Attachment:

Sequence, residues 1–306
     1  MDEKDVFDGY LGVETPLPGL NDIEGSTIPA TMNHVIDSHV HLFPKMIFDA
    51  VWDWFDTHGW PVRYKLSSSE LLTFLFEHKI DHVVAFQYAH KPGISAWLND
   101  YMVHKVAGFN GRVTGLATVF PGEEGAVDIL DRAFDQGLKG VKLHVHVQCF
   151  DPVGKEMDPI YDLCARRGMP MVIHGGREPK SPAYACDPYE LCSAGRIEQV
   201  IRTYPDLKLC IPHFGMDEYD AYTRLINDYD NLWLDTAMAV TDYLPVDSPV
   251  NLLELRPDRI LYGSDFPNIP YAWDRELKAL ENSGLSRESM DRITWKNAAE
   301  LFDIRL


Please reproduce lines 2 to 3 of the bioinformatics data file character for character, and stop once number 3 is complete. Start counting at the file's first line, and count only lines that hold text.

     1  MDEKDVFDGY LGVETPLPGL NDIEGSTIPA TMNHVIDSHV HLFPKMIFDA
    51  VWDWFDTHGW PVRYKLSSSE LLTFLFEHKI DHVVAFQYAH KPGISAWLND